You are not speaking, but I am listening. (2013-2015)
In the struggle to adapt to reality, it is easy to lose one’s self. We build a life under that reality, only to realize that it does not fit the person we had thought we were. I believe that art allows us to see the relationship between life and the self from another perspective. Sometimes, it does this by allowing us to empathize with others, to encounter their point of view. Other times, our perspective is changed by a “clash” with the other — we are disturbed or provoked by the artwork.
I moved to New York five years ago to live as an artist. The constant upheaval of my life—this “clash”—forced me to re-examine everything. I had completely lost myself. I could not stand again.
I had thought I was right and just needed to say that I was not wrong. But what I was realizing as the time passed was that I was only fighting with myself. I struggled to change my ways, which had built up through years of habit. Nobody is wrong. May be the struggle will never ends in our life.
I started my “Midori” project when I came to live in New York. “Midori” is a very common female Japanese name. It points to universal experience of struggle. Since 2013, I have made more than 50 portraits of Asian women in New York for this project. This “Midori” of my project has come to New York for a new career, or to make a new way of life. She was educated or worked in Korea, or Japan, or China. And her struggle is not just from this new culture, but from trying to balance the traditional ways of being female in Asia and the modern, global, and Western ways of her environment, her new reality. And at the same time, she must also struggle with personal relationships. The stronger our ego, the more difficult it is to understand other’s ideas. I came to realize that.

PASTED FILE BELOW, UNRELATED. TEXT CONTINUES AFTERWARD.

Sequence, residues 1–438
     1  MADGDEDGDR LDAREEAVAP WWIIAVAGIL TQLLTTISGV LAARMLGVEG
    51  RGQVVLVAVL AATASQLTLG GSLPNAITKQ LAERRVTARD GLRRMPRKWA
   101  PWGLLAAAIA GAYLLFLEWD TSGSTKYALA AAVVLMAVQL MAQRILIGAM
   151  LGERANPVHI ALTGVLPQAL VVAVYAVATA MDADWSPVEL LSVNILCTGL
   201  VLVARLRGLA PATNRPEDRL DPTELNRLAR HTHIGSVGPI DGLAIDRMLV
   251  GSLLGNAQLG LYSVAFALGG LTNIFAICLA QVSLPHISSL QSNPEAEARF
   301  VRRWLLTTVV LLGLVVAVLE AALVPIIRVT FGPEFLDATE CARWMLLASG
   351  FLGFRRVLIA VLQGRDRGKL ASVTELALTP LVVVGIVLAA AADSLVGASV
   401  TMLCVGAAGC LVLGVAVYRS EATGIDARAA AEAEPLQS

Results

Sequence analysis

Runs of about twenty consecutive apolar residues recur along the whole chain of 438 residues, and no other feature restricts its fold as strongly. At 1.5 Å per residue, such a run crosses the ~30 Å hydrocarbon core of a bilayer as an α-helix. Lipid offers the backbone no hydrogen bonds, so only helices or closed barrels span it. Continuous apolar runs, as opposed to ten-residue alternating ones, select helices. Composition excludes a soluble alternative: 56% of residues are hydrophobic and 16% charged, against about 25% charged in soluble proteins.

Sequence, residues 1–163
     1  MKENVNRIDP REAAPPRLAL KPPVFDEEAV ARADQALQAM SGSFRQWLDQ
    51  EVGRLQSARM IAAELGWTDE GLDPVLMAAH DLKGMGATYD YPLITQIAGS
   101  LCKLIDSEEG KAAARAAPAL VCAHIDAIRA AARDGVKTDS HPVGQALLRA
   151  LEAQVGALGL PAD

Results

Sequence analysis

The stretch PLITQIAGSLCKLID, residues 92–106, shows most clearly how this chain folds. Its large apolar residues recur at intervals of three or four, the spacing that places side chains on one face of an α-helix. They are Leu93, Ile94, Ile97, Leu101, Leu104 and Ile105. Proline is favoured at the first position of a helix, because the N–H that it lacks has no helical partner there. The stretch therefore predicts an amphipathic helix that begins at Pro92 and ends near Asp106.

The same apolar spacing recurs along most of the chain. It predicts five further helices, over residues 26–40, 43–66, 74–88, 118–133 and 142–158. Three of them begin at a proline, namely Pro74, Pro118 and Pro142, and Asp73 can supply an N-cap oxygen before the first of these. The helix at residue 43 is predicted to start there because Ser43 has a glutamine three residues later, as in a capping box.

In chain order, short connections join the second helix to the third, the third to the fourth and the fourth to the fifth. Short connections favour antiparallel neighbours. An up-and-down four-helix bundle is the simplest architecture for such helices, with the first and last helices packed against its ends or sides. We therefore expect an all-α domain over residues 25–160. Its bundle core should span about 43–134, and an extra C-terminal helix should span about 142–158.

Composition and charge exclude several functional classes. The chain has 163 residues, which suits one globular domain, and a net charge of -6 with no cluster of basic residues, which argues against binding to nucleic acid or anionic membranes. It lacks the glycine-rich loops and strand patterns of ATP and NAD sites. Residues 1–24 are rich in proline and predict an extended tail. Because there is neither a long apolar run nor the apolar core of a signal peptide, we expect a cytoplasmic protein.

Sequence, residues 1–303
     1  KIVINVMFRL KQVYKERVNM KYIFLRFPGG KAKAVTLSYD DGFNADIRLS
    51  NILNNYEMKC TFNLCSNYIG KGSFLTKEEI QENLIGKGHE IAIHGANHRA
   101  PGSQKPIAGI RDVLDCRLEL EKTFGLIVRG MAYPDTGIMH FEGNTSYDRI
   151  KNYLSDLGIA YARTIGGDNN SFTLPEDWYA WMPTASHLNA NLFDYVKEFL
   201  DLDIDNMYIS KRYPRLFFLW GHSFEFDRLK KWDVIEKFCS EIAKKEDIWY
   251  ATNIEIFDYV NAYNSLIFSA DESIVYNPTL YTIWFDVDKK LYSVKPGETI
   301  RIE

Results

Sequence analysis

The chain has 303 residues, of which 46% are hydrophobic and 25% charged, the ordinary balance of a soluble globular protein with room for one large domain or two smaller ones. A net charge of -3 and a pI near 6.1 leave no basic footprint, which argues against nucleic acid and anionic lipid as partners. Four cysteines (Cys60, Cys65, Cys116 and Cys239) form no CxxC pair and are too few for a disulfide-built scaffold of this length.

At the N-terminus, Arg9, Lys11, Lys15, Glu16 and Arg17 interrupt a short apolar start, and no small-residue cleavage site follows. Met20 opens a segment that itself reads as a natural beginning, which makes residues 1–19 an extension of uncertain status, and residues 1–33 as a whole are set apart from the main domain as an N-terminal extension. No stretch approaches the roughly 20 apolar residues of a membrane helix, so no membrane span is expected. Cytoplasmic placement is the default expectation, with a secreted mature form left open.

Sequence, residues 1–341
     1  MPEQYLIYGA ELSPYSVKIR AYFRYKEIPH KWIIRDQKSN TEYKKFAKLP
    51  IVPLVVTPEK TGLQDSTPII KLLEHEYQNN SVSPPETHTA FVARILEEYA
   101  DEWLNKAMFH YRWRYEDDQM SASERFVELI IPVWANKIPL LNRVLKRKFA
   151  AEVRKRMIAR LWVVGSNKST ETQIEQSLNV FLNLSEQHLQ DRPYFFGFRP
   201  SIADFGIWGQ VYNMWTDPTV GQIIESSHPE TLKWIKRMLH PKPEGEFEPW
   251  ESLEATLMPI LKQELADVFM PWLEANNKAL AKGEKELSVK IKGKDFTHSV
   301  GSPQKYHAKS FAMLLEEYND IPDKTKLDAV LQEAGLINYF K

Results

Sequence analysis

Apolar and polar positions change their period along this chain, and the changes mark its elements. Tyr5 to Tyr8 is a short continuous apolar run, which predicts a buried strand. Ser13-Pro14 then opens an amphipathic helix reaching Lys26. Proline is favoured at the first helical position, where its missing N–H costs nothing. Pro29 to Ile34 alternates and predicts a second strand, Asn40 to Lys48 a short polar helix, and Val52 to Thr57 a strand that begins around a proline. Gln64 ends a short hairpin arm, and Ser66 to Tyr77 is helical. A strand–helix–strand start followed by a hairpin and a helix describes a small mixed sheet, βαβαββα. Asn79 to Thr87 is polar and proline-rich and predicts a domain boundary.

As an artist, I want my art to be a window into myself, a way for people to empathize or clash.